Here is the relevant part of the case, likening the (English) name of the State and a trademark:
The first issue which the Panel has to consider is whether “federalrepublicofgermany” would enjoy protection under German trademark law.
In this respect the Panel notes that Article 4, Paragraph 2 of the German Trademark Act prescribes that trademark protection shall accrue: “through the use of a sign in the course of trade insofar as the sign has acquired a secondary meaning as a trademark within the affected trade circles.”
In its considerations concerning this issue the Panel notes that obviously the name Federal Republic of Germany is well known in Germany as indicating the “Bundesrepublik Deutschland” and that the name has a particularly distinctive character and thus is a sign to which trademark protection may apply. Such protection presupposes that the sign at issue has acquired a secondary meaning as a trademark in the course of trade. In this respect Complainant contends that the Federal Republic renders a variety of services, inter alia public information, under this name on, for instance, the Internet and that websites related to the Federal Government offer comprehensive information in several areas related to the activities of the Government.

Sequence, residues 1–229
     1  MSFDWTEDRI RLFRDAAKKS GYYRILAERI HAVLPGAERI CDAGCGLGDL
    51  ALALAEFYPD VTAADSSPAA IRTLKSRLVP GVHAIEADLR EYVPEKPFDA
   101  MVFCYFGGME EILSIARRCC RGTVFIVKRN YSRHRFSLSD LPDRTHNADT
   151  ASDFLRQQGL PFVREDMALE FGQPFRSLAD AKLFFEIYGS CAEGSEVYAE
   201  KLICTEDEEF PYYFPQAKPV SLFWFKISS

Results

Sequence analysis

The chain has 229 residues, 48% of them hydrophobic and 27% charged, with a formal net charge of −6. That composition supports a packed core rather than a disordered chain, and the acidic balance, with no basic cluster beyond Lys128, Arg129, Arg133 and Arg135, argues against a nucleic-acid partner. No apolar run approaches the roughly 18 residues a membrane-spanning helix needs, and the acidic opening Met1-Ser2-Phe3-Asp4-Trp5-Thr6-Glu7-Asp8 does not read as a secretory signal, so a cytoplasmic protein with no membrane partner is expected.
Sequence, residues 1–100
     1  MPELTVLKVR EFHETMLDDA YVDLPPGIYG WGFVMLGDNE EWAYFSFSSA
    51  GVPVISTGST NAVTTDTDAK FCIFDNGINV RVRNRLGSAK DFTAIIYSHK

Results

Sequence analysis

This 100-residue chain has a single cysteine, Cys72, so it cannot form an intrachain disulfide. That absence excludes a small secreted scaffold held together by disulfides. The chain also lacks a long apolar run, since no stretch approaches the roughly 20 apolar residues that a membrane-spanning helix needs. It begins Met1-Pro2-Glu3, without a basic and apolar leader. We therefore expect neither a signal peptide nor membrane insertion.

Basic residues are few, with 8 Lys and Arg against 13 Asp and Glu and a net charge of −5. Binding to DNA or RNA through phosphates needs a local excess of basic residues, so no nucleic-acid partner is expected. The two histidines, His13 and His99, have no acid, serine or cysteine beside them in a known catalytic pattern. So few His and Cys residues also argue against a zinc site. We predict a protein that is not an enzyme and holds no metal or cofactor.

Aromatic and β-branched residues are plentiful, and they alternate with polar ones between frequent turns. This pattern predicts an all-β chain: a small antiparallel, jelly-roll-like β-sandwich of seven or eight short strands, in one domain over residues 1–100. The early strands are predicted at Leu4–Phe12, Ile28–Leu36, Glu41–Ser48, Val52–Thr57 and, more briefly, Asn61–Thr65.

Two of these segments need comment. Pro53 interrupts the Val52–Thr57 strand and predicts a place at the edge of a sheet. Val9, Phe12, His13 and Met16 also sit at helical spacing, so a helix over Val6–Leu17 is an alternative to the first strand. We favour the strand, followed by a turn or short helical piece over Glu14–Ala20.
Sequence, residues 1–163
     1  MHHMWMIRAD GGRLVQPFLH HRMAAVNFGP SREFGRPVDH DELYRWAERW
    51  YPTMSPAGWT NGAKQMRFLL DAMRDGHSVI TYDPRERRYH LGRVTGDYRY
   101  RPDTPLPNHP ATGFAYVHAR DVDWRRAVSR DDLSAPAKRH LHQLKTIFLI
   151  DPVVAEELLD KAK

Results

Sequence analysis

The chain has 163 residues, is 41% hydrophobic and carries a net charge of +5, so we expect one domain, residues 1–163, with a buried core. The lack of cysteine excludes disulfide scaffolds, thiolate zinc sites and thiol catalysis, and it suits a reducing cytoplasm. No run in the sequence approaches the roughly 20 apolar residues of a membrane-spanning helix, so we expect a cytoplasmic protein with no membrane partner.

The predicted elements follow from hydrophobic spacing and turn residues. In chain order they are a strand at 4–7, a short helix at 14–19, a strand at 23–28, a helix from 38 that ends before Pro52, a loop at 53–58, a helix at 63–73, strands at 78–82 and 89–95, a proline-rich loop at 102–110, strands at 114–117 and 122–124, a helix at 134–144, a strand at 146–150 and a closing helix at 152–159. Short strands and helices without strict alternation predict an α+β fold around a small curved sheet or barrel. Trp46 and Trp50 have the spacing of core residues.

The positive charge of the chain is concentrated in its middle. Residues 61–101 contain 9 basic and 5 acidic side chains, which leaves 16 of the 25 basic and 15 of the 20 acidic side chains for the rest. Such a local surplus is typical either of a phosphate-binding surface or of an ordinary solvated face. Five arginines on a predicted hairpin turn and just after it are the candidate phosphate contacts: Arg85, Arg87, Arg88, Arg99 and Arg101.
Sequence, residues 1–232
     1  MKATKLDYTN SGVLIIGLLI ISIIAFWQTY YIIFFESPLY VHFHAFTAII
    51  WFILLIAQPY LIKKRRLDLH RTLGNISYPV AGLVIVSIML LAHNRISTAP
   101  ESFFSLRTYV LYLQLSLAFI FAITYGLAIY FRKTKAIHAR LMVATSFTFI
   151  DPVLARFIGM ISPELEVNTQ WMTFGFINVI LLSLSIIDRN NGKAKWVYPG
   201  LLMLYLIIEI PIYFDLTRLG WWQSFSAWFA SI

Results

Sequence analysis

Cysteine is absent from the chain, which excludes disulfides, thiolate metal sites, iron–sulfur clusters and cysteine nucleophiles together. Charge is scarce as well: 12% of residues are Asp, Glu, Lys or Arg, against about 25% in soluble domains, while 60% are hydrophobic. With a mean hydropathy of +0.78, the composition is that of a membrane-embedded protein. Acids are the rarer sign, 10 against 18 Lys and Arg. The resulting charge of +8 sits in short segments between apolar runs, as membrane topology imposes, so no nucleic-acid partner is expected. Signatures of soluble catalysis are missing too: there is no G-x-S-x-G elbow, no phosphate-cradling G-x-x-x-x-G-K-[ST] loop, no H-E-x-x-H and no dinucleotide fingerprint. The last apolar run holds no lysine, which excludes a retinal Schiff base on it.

In considering these aspects, the Panel comes to the conclusion that those activities are a form of trade of services directed to the German people and others who seek information about, inter alia, various government services. The Panel finds that the circumstances present in the case indicate that “federalrepublicofgermany” has acquired a secondary meaning as a service mark.
The Panel consequently finds it to be established, for the purposes of this dispute, that “federalrepublicofgermany” enjoys trademark protection under Article 4, Paragraph 2, of the German Trademark Act.